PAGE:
Full Professor and Chair of Cognitive Aging. University of Geneva.
A fundamental aspect of goal-directed, intentional behavior entails the ability to plan and then to remember executing future activities, such as remembering to pass a message from school to parents, to take medication in time, or to add an attachment to an e-mail before sending it off. The interplay of cognitive abilities that constitute the process of “remembering to remember” is referred to as prospective memory (for overviews on different research areas see Kliegel, McDaniel & Einstein, 2008, Edited Book, Erlbaum).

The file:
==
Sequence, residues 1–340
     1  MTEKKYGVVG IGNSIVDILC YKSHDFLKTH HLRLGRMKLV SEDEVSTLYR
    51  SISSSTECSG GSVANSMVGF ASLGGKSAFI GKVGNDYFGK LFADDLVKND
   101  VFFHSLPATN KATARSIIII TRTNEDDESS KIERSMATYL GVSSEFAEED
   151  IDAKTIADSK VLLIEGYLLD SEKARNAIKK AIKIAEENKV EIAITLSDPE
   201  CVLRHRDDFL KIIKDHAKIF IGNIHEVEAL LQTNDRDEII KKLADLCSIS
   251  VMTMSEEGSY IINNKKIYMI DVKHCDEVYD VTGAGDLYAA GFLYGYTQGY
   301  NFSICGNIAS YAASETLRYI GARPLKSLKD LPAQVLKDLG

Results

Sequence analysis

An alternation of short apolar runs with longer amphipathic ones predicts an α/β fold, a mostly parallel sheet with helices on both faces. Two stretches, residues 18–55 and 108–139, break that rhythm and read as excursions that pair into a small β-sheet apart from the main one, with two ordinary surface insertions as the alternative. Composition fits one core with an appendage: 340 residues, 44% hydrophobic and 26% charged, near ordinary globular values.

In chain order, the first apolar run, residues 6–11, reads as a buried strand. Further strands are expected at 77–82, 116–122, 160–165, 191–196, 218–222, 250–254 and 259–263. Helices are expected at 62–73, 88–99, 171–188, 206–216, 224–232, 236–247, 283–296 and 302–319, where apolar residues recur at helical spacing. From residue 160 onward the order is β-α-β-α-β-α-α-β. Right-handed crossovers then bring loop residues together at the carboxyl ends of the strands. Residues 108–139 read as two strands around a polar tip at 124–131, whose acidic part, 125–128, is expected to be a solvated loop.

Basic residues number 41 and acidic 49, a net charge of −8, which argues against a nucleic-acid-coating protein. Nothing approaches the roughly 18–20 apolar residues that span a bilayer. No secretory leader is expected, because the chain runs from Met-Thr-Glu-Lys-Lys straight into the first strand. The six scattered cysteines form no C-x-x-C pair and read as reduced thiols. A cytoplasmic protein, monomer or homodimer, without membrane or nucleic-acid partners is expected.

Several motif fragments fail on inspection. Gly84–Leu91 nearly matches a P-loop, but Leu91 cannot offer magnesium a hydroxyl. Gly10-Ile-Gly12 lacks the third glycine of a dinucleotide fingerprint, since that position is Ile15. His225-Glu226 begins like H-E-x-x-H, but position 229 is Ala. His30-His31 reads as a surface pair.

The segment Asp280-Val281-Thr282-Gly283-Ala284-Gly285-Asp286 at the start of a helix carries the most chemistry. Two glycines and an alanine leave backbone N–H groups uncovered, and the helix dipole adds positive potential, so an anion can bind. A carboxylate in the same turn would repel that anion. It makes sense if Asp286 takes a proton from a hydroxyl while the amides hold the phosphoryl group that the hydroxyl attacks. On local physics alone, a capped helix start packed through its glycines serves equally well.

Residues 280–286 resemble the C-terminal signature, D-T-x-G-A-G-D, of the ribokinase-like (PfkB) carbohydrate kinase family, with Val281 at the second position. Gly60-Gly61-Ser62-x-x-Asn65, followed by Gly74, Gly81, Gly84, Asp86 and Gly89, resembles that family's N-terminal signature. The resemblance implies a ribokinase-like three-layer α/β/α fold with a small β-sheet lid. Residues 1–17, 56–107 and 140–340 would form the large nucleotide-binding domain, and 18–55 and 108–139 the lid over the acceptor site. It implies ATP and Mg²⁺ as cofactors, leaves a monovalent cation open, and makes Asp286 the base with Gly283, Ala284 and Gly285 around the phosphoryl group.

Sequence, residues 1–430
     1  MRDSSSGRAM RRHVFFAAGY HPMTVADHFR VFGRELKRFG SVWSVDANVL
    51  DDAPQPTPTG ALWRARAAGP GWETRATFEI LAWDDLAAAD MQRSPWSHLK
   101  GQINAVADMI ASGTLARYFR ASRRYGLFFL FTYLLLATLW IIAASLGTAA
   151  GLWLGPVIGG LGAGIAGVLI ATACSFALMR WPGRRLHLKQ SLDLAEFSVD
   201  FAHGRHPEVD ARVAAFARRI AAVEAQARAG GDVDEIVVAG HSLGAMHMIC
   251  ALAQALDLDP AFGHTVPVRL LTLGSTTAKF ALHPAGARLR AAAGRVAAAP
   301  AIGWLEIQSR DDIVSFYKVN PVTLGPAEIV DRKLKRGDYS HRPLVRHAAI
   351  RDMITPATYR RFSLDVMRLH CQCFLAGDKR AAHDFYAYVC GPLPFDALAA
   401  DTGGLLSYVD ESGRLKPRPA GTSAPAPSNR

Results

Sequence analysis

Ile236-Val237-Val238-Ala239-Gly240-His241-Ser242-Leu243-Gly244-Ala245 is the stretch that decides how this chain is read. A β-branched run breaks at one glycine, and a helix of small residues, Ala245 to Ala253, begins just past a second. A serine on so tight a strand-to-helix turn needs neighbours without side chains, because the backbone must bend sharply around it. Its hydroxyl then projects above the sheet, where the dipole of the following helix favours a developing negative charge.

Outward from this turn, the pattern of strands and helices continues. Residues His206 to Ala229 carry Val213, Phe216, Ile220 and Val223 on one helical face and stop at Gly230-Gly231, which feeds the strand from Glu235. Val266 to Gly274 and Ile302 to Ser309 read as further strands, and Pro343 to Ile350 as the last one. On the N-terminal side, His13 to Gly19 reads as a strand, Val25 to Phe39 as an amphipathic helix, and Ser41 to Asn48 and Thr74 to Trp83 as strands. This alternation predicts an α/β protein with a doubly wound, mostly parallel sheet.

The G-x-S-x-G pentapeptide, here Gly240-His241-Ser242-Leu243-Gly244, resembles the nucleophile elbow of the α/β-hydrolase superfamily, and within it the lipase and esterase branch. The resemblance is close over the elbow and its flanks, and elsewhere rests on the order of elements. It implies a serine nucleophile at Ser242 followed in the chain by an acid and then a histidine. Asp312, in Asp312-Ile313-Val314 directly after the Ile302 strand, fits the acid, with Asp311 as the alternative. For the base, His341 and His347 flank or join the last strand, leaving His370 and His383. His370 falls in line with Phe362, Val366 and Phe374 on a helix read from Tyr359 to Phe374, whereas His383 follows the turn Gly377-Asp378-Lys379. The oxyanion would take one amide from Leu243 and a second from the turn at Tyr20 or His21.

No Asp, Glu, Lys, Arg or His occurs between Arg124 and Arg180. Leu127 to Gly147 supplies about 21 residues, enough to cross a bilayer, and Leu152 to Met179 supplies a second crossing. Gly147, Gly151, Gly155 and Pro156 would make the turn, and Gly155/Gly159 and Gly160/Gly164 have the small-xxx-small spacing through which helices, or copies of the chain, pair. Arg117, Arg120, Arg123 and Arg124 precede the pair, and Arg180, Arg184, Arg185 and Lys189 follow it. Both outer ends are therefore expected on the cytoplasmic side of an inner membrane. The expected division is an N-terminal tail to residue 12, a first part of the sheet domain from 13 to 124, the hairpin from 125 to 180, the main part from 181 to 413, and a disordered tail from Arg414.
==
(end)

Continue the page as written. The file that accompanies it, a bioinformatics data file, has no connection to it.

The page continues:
Prospective memory is an essential ability to meet everyday life challenges across the lifespan, constitutes a key element of developing autonomy and independence and is especially important in old age with increasing health-related prospective memory demands. Therefore, understanding mechanisms underlying prospective memory in old age has become a major effort in cognitive and developmental research. The present talk will review conceptual and empirical advances from our lab in understanding age differences and associated developmental mechanisms. The talk will focus on a pattern called 'the age- prospective memory paradox'. The paradox is that adult aging results in reliably poorer performance on laboratory-based tasks of prospective memory but substantially improved performance on prospective memory tasks carried out in real life settings. In fact, meta-analytical evidence suggests that older adults outperform younger adults in prospective memory tasks carried out in everyday life. Various mechanisms including the role of emotional salience, social relevance, stress, motivation and meta-memory have been proposed to explain these apparently conflicting results. The talk will discuss available and novel evidence which addresses some of those possible mechanisms.